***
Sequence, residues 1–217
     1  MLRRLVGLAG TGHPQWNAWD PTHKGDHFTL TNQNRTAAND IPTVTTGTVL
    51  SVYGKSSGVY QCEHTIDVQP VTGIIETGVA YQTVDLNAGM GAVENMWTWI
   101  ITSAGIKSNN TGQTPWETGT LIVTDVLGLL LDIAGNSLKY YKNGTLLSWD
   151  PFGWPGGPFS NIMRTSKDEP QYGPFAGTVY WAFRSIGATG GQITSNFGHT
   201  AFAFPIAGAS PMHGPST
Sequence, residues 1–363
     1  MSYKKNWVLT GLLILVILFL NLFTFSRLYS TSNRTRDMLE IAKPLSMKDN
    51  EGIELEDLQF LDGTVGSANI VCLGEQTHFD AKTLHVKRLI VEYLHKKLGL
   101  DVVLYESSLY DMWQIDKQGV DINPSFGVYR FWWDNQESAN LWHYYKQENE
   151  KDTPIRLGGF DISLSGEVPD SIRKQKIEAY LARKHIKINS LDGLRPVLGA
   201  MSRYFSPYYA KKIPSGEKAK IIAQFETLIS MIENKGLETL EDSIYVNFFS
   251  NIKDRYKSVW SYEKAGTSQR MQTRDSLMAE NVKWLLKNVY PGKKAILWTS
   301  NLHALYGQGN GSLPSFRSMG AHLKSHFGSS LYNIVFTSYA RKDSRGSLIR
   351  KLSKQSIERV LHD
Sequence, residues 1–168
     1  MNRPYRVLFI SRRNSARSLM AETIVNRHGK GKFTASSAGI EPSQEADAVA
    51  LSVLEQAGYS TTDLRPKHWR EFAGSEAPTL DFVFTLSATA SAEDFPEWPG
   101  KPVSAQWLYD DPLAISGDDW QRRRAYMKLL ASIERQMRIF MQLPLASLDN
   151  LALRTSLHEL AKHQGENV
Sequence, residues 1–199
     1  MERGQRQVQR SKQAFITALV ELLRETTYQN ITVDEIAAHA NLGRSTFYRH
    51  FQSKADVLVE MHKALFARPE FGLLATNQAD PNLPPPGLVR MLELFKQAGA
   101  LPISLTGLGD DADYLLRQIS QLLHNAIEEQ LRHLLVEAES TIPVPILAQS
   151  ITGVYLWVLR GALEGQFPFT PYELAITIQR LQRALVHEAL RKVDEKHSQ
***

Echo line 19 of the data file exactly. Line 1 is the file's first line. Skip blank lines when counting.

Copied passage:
   101  KPVSAQWLYD DPLAISGDDW QRRRAYMKLL ASIERQMRIF MQLPLASLDN